National Organization for Rare Disorders Calls for Policy on Products for Rare Diseases
WASHINGTON, Sept. 7, 2011 /PRNewswire-USNewswire/ -- The National Organization for Rare Disorders (NORD) has submitted a Citizen's Petition to the Food and Drug Administration (FDA) requesting that a documented policy be established regarding the review of potential treatments for people with rare diseases.
NORD's request is being made in conjunction with a report submitted by an FDA committee to Congress on June 27, 2011: Improving the Prevention, Diagnosis and Treatment of Rare and Neglected Diseases.
While expressing concern that currently no policy specific to orphan drugs exists, NORD praises FDA's history of flexibility in the review of "orphan"for rare diseasesproducts, noting that rare diseases present special challenges to researchers seeking to develop therapies.
"Today, most of the nearly 7,000 rare diseases do not have an FDA-approved treatment," said Peter L. Saltonstall, president and CEO of NORD, a nonprofit organization representing the one in 10 Americans affected by rare diseases. "Basic research and clinical trials needed to develop treatments for these diseases are complicated by the fact that there are few patients and they are geographically dispersed."
Saltonstall said that "NORD recognizes and applauds FDA's historical flexibility in the regulatory review of submissions for articles that treat rare disease." Now, he added, NORD is asking for FDA documentation to guide future drug reviews and specifically to:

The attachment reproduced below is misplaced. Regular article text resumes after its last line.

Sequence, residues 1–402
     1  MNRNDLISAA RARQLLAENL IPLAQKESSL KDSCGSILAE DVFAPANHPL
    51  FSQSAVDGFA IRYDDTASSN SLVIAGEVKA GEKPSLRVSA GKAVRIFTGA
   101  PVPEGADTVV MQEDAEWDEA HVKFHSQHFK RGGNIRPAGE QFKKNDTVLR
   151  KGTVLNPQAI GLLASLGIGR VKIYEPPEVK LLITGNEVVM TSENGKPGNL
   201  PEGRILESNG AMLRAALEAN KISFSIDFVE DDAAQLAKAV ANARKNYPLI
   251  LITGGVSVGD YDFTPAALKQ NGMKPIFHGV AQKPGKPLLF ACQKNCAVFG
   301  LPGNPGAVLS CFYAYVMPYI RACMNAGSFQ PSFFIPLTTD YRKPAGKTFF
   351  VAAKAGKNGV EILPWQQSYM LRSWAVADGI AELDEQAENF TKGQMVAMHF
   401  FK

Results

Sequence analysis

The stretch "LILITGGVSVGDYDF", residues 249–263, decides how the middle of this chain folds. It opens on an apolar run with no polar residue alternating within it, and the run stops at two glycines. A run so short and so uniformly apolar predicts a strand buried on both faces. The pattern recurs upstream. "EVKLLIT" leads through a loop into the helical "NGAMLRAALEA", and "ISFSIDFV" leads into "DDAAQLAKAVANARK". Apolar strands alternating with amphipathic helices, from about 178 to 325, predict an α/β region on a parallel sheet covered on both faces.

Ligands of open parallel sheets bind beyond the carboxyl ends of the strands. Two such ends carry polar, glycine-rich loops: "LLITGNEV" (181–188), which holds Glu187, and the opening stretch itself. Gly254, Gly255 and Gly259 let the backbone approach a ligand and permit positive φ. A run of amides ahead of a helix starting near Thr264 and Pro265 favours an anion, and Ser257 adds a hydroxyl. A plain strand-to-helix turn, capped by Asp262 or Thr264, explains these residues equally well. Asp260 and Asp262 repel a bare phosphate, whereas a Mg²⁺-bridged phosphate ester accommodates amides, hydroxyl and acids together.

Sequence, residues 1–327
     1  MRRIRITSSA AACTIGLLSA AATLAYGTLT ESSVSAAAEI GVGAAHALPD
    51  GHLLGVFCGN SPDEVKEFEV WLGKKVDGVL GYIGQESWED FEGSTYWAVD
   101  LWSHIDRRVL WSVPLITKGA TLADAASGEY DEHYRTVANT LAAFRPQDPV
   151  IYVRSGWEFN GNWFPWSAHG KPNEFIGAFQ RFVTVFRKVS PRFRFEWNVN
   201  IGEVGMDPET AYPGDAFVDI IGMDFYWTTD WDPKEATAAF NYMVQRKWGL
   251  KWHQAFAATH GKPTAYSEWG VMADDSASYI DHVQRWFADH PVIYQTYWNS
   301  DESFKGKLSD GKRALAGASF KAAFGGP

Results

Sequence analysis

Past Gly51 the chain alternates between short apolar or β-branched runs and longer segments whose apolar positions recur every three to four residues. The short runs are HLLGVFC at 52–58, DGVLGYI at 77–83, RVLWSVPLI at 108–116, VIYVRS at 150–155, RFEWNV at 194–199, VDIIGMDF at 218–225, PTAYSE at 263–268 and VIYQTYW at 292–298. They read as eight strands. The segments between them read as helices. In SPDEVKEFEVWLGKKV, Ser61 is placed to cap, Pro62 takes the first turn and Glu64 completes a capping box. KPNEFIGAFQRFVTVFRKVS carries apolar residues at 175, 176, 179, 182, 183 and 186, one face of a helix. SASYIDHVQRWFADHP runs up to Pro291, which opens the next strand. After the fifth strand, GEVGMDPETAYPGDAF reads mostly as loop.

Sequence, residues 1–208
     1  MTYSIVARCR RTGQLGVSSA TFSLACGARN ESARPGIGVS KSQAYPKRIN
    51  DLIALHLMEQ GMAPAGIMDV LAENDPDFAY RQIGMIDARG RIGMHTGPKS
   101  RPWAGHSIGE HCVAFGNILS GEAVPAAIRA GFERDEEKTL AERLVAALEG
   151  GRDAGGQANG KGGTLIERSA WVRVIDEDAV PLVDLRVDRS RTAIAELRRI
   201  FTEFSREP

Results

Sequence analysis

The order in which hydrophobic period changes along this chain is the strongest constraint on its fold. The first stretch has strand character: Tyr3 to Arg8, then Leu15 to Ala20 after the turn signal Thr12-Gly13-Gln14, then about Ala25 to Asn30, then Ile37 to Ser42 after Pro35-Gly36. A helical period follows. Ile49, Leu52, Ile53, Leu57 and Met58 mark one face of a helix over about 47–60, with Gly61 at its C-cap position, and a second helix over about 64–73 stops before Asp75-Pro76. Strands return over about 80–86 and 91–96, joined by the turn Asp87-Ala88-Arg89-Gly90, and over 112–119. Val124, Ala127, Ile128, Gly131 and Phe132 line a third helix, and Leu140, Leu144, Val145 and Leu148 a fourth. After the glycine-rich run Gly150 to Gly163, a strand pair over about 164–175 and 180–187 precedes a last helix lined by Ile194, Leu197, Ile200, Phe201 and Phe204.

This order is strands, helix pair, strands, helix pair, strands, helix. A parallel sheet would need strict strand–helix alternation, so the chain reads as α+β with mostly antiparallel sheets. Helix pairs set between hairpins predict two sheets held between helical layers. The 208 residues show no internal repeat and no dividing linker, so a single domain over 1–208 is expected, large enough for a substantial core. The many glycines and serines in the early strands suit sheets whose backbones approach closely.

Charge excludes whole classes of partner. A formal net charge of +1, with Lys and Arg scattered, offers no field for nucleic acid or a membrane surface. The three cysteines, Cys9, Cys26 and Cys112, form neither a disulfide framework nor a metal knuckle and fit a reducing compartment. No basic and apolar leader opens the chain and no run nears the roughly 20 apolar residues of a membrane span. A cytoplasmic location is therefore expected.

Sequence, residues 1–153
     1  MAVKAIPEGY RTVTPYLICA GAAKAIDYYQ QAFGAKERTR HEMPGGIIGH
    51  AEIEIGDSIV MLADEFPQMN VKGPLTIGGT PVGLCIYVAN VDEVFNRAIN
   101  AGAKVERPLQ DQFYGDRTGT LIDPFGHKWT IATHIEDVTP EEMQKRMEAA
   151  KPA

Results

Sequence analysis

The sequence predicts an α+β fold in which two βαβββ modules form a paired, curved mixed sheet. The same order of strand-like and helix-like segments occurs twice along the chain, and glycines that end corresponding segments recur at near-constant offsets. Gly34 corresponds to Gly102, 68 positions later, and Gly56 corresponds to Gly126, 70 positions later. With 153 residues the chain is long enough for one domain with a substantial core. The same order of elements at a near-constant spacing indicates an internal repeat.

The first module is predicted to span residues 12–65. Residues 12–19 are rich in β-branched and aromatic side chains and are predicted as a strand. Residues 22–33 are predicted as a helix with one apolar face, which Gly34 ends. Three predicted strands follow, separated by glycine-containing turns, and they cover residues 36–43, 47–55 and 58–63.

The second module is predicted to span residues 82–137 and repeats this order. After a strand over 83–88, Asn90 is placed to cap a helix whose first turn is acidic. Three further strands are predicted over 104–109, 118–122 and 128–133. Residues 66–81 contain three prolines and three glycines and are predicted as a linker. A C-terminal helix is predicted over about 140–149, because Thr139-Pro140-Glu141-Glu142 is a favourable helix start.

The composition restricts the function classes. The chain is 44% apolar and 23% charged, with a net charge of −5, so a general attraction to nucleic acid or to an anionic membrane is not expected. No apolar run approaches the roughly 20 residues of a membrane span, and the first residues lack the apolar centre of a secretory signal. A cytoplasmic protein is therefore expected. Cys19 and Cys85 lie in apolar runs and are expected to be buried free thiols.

- acknowledge that clinical trials for most orphan drugs are fundamentally different from trials for drugs for common conditions
- acknowledge that FDA review of orphan drugs is therefore different from the review of other products
- document that, while the need to demonstrate both effectiveness and safety remains unchanged, it will now be official FDA policy to apply special flexibility in the review of orphan drugs.
The Citizen's Petition asks that this statement of policy be included in a guidance document that FDA is required by Congress to issue no later than 180 days following the submission of the June 27 report. The Petition also formalizes a request that NORD has made informally on previous occasions, including in testimony by the chairman of NORD's board of directors last summer at an FDA public hearing.
At that hearing, NORD Board Chair Frank Sasinowski presented testimony on the fact that so many rare diseases still have no treatment. He said NORD feels that the "low-hanging fruit" have now been harvested by medical researchers but that "the vast majority of therapies" remain out of reach of patients with rare diseases. Many of those patients, he added, are children suffering with chronic and lifelong genetic diseases.
Sasinowski noted in his testimony that focus groups and other studies conducted by NORD had identified uncertainty in the review process as a deterrent to the development of treatments for rare diseases.
Saltonstall said that NORD's request for a documented FDA policy on review of orphan drugs is consistent with a report issued last October by the Institute of Medicine: Rare Diseases and Orphan Products: Accelerating Research and Development.
Citizen Petitions may be submitted to FDA by individuals or organizations requesting specific actions to issue, amend, or revoke regulations. In this case, NORD is asking that a specific policy related to orphan drugs be included in the guidance document that FDA must issue no later than December 27, 2011, following the June report to Congress.
The June report was submitted to Congress in response to legislation, specifically Section 740 of the Agriculture, Rural Development, Food and Drug Administration, and Related Agencies Appropriations Act, 2010 (P.L. 111-80).
NORD was established in 1983 by patient advocates seeking to enhance awareness of rare diseases and to improve the lives of those affected. Today, NORD provides services that include advocacy, education, research grants, and patient assistance programs. It represents 160 disease-specific member organizations, as well as all individuals and families affected by rare diseases. NORD's website is at www.rarediseases.org.
SOURCE National Organization for Rare Disorder (NORD)